Barred Sand Bass

Barred Sand Bass, Paralabrax nebulifer

The Barred Sand Bass, Paralabrax nebulifer, whose common Spanish name is cabrilla verde de arena, is a species in the Sea Bass or Serranidae Family, known collectively as serranos in Mexico. Globally, there are only nine species in the genus Paralabrax, five of which are found in Mexican waters, all in the Pacific.

The Barred Sand Basses have slender bodies with an overall greenish-gray coloration; they are lighter ventrally and the upper two-thirds of their body and tail base are covered with dusky blotches. They have pointed heads covered with small gold-brown spots. A key to identification is the third dorsal spine, which is the longest and is two and a half times longer than the second spine and longer than the fourth spine. They have rounded pectoral fins and a square caudal fin.

The Barred Sand Basses are found in sand adjacent to rocky structures at depths up to 600 feet. They reach a maximum of 65 cm (26 inches) in length and 5.1 kg (13 pounds 3 ounces) (the current IGFA world record) in weight.

In Mexican waters the Barred Sand Bass are found along the entire Pacific coast of Baja and from Loreto to Cabo San Lucas on the East Coast of Baja.

The Barred Sand Bass is similar to and can be confused with the Goldspotted Sand Bass, Paralabrax auroguttatus (dense orange spots covering head, body, and fins; third dorsal spine three times longer than second spine); the Kelp Bass, Paralabrax clathratus (yellow spots covering forehead; third and fourth dorsal spines of equal length); the Parrot Sand Bass, Paralabrax loro (orange spots and lines covering head; seven dark bars on the sides; third dorsal spine three times longer than second spine); and the Spotted Sand Bass, Paralabrax maculatofasciatus (numerous black, brown, and orange spots covering body; dark band from eye to gill cover; third dorsal spine three times longer than second spine).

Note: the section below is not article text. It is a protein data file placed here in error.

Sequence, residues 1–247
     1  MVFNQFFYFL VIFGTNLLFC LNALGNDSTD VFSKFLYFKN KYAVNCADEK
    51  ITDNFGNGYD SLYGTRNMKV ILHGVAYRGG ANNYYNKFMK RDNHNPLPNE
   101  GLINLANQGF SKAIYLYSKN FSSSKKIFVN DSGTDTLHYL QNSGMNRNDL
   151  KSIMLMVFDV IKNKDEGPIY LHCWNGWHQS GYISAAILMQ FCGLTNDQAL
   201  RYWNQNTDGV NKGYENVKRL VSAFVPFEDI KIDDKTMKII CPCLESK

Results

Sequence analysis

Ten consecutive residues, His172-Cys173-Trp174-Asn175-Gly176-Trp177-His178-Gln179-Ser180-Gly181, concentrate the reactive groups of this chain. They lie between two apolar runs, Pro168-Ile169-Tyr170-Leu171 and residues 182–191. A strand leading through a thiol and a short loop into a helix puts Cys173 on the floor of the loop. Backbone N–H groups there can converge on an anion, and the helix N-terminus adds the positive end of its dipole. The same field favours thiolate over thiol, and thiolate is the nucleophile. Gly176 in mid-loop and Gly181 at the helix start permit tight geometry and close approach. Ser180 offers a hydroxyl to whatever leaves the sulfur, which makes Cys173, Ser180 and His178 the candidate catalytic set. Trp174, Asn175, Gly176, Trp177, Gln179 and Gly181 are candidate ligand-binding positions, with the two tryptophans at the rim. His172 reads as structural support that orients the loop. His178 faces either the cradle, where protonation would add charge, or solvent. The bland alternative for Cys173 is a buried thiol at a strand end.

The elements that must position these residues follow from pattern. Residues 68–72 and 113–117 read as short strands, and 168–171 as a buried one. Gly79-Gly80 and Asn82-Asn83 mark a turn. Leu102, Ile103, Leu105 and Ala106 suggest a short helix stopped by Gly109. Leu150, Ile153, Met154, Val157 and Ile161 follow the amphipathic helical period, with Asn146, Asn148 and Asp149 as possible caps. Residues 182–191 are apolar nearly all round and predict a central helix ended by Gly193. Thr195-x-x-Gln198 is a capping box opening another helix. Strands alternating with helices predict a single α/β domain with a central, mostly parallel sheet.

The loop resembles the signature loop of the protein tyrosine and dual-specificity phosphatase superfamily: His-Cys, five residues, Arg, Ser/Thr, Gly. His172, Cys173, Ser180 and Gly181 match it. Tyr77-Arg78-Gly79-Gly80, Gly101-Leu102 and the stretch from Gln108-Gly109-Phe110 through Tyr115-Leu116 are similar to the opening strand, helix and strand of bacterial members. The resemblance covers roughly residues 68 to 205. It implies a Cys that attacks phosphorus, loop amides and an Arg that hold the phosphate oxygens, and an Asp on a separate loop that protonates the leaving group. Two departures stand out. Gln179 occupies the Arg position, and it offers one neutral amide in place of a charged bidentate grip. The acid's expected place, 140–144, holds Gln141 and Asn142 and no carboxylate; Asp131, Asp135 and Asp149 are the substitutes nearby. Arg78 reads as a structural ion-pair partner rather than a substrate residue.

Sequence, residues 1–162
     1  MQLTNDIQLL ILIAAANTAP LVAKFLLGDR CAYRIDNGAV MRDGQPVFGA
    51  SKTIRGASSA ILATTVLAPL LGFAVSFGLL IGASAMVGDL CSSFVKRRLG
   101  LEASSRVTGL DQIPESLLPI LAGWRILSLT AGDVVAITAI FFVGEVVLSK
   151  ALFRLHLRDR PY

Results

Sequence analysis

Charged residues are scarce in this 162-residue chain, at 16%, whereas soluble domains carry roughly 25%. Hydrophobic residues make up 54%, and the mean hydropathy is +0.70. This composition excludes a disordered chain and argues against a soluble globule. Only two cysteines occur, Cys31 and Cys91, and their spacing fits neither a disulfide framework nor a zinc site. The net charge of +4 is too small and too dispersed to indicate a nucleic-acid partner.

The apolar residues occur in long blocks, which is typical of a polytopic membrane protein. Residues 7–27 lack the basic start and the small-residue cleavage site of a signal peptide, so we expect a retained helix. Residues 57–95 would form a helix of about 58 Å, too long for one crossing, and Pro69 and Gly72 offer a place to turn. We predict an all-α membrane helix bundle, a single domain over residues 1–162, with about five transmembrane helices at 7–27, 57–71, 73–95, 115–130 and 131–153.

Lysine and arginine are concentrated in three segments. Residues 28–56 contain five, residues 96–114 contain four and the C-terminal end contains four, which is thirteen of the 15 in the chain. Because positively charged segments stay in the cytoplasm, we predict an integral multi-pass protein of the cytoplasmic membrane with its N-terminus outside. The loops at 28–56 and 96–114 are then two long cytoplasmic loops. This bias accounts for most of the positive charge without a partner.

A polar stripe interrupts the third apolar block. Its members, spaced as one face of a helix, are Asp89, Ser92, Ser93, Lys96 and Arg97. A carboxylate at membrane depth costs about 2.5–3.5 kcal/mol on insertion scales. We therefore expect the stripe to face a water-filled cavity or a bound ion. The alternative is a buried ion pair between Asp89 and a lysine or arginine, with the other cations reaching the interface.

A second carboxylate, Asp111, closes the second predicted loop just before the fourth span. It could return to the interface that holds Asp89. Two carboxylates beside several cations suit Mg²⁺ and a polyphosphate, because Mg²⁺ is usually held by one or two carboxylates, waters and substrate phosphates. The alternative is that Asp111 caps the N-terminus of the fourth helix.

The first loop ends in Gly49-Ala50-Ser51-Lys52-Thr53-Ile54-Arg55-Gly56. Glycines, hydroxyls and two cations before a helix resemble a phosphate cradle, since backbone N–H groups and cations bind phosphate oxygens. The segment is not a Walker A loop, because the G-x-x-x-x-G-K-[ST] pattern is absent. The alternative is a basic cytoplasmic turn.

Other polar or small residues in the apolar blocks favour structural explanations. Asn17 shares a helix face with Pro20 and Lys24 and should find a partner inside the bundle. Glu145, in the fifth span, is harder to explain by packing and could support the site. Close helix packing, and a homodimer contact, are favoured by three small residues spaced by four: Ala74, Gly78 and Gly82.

The Barred Sand Bass is an important component of the recreational catch along coastal northern Baja and is considered to be an excellent food fish, however, it is exceedingly rare in southern Baja.

f016-barred-sand-bass-6Barred Sand Bass, Paralabrax nebuilifer. Fish caught from waters within San Diego Bay, San Diego, California, July 2016. Length: 20 cm (7.9 inches). Catch, photo, and identification courtesy of Ben Cantrell, Peoria, IL.

Barred Sand Bass, Paralabrax nebuilifer. Underwater photo taken in coastal waters off La Jolla, CA, October 2016. Length: 23.0 cm (9 inches). Photo courtesy of Bob Hillis, Ivins, UT.

Barred Sand Bass, Paralabrax nebulifer. Fish provided by the commercial fishermen of the greater Los Cabos area, Baja California Sur, July 2007. Length: 33 cm (13 inches).

Barred Sand Bass (4)

Barred Sand Bass, Paralabrax nebuilifer. Fish caught from coastal waters off Puerto Adolfo Lopez Mateos, Baja California Sur, April 2016. Length: 38 cm (15 inches).

Barred Sand Bass, Paralabrax nebuilifer. Fish caught from coastal waters off Puerto Adolfo Lopez Mateos, Baja California Sur, March 2017. Length: 40 cm (16 inches).